Tuesday, August 21, 2012

Dry Fire Practice

I've tried to be dedicated to getting in some dry fire practice on the days I don't hit the range. It took me a long time to 1) understand that this is a valuable training tool and 2) get committed to making it a routine. Dry fire practice involves going through the various actions involved in accurately firing a pistol, without actually firing a pistol. It helps to build muscle memory, so that when you actually shoot, your body instinctively knows what to do.

My basic routine focuses mainly on some basic skills used in competition. It only takes about 15 minutes do. In a typical session, I do 20 reps of drawing the pistol, finding the sight alignment and making one "shot" from each of the listed start positions.
  • Facing the target with hands at side
  • Facing the target with hands above shoulders
  • Facing away from the target with hands at side, turn and draw
  • Facing away from the target with hands above shoulders, turn and draw
  • While stepping left
  • While stepping right
  • While stepping forward
  • While stepping backward

In each of these drills, the goal is to get the gun smoothly and quickly on target, in this case a 4" square, and dry fire the pistol without losing the sight alignment.

The next exercise practices reloading skills. I work through all the positions of the mags on my belt. The goal is to pull the trigger, drop the mag, and smoothly load a new magazine, and regain the site picture.

I finish with the Wall Drill. This involves repeated trigger pulls while focusing only on the sight alignment. This is done using a two-hand grip, as well as strong hand and weak hand only. When I first started this drill I was shocked to realize just how much I moved the pistol while pulling the trigger.

Most of the time, I do the drills using my USPSA gear, complete with eye and hearing protection. The idea is to get as close as possible to actually shooting in competition. A couple of times a week I add in some practice with the leather holster I currently use for IDPA. And yes, on occasion I also practice with my conceal carry gear.

There's a lot written on dry fire and a quick internet search can bring up much information on various drills and the benefits. I adapted my basic practice session from the Sig Sauer Academy Dry Fire Routine and the previously mentioned Wall Drill from pistol-training.com.

There are also some good books that go into in-depth training using dry fire. A few I've enjoyed are "Your Competition Handgun Training Program: A complete training program designed for the practical shooter" by Michael Seeklander, and "Refinement and Repetition, Dry-fire Drills for Dramatic Improvement" and "Principles of Performance, Refinement and Repetition 2", both by Steve Anderson. I am not following the specific programs from these books, but have gleaned many tips and useful insight from the authors. I think they are worth reading even if you don't have the time or resources to follow their timetables and exercises exactly.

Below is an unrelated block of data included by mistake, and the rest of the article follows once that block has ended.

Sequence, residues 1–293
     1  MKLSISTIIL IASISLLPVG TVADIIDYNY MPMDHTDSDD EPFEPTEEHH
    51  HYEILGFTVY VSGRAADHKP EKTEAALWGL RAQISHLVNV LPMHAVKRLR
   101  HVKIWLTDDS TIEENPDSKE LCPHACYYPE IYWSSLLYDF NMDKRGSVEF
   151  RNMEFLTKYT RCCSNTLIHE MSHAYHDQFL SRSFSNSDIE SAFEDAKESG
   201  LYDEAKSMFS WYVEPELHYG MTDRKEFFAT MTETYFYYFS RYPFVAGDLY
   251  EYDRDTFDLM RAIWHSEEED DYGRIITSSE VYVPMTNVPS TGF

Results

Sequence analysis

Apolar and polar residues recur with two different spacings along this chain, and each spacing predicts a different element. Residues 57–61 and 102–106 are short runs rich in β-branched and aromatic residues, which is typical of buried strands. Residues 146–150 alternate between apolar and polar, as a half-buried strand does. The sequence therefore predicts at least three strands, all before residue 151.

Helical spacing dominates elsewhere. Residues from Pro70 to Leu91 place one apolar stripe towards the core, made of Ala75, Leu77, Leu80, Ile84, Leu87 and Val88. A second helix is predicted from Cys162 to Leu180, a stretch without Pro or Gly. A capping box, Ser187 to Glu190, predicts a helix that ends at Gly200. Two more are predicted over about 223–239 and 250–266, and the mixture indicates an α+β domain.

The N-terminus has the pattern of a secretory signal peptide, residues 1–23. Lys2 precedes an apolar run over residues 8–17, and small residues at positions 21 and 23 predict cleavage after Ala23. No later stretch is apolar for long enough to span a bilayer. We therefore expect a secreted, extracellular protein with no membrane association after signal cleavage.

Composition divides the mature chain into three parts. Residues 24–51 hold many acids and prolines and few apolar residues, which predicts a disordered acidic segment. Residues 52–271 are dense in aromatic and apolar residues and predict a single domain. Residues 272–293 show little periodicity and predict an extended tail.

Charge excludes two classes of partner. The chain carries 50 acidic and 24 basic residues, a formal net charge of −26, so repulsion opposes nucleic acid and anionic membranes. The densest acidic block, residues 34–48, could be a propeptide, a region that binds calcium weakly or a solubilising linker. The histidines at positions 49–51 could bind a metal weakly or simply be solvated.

No matter what dry fire routine you practice, safety is the most important rule. Be sure your weapon is completely unloaded and double-checked before doing any of these drills. Keep all live ammo in a separate room.

I've seen noticeable improvement in my ability to obtain and keep a good sight picture after practicing with these drills. My reloads are getting better as well. I intend to keep it up and even expand my practice routines. Next, I want to set up a couple of targets outside in order to practice moving from one shooting position to another. It's a good thing my back yard is fairly secluded from the neighbors' prying eyes, at least until the trees lose their foliage.

7 comments:

  1. Amen to dry fire! Too many folks assume the gun must go bang to be truly practicing. There are a whole lot of important factors that take place before the bang. Great topic.

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  2. I can't say enough about dry fire practice. It will work wonders on your draw stroke, especially for those people that don't have a range where live draw fire is allowed. One thing I will add is it is nice to have a bullet-stopping device to point the gun at. They make special things made of kevlar or you can duct tape a few phone books together. Just adding a touch more safety.

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    Replies
    1. That's a good suggestion. I have a very specific routine to check and recheck the gun, which includes all live ammo being in a separate room.

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  3. David was kind enough to let me add his Dry Fire Practice Drill to our list of Drills at www.handgunlaw.us Thank you David. Dry Fire is very important to anyone who wants to improve and or maintain their shooting skills. All the fine points of shooting + reloading can be practiced in the comfort of your home at no expense to the shooter.

    Stay Safe,
    Gary Slider
    Co-Owner www.handgunlaw.us

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  4. Actually, a 5 gallon bucket of sand will work for both dry fire target and weapon clearing target.

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